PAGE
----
The blog over at the Harvard Business Review is jumping. A recent post by Ruth P. Stevens stirred up that old hornet’s nest of “opt-in” versus “opt-out” marketing email.
Here’s what she said: It’s OK to send unsolicited emails (newsletters and the like) to businesses with the expectation that they can opt out if they don’t like them. She said that businesses who follow the restrictive “opt-in” rule accepted as mandatory for consumer marketing are making a mistake.
Cue much uproar in the comments section of the website.
Here’s my take on it. Legislation around the world (such as the CAN-SPAM act in the United States) says that marketing communication must be opt-in. Anything else is spam.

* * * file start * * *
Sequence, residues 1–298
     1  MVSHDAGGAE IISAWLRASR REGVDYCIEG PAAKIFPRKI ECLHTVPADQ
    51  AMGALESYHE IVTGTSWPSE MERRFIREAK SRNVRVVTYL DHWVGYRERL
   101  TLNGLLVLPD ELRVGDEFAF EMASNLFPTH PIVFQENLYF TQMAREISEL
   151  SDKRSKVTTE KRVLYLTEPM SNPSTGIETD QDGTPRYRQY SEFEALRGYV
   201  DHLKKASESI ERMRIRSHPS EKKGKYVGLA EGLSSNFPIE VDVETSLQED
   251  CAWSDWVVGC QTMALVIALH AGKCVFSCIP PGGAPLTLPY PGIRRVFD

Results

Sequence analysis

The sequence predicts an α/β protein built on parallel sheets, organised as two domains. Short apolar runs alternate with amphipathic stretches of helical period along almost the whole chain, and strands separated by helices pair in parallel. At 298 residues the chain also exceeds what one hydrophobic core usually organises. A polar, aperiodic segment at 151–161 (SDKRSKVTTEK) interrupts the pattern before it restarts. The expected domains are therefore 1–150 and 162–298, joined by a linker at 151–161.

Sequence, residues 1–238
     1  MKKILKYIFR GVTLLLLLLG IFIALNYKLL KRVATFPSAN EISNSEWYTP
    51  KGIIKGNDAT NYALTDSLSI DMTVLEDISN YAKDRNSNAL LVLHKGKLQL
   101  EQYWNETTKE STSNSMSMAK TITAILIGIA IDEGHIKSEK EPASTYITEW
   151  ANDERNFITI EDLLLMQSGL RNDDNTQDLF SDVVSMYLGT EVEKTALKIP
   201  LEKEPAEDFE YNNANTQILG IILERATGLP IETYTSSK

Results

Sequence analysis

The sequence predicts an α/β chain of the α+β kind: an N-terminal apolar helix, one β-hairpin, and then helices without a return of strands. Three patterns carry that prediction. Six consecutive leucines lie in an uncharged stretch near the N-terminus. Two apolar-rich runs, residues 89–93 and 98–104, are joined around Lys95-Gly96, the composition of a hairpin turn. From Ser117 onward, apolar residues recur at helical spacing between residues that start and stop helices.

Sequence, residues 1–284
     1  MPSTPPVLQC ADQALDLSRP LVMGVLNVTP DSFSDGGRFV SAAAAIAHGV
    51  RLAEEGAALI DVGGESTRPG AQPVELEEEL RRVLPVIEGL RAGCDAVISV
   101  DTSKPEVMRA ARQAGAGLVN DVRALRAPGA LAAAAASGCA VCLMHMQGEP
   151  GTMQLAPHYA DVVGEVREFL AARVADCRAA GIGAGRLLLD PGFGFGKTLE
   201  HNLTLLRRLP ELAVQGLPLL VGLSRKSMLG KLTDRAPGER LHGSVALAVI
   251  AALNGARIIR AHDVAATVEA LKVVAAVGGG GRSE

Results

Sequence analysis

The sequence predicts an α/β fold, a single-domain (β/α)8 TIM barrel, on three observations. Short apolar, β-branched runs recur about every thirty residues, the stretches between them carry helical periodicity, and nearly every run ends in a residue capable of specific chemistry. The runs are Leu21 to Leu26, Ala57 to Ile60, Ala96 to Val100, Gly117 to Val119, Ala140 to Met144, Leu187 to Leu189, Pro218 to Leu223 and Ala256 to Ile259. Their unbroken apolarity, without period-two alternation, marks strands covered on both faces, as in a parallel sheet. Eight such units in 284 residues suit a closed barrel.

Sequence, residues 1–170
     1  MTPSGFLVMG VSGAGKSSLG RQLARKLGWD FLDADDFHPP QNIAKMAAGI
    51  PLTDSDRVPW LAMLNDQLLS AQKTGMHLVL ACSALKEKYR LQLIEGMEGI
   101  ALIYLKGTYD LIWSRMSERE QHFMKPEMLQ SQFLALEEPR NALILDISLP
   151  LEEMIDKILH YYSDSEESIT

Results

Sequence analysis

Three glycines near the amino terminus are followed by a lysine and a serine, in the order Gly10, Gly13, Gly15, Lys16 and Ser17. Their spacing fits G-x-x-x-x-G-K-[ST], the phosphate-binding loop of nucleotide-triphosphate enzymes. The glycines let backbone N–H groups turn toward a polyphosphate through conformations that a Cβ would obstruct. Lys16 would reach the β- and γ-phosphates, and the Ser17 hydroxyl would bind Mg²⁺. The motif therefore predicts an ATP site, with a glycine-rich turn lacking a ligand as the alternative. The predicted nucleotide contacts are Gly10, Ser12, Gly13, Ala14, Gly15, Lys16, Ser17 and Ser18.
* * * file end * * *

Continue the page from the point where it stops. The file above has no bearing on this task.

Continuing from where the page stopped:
All the reputable email service providers (the firms that do a great job sending emails on your behalf and helping those emails get delivered to your recipients) insist that your lists are opt-in. Anything else will get you banned.
Those two points alone would suggest that an “opt-out” policy for your B2B communications is a bad thing.
But it goes deeper than that: with any list of prospects or clients, it’s quality that counts - not just quantity. Your aim should be to build a list of people who want to hear from you, because they are people who will be most likely to buy from you.
An “opt-in” policy ensures that you have this quality list. An “opt-out” policy merely makes sure you have a large list of indifferent (and maybe angry) people. And who wants that?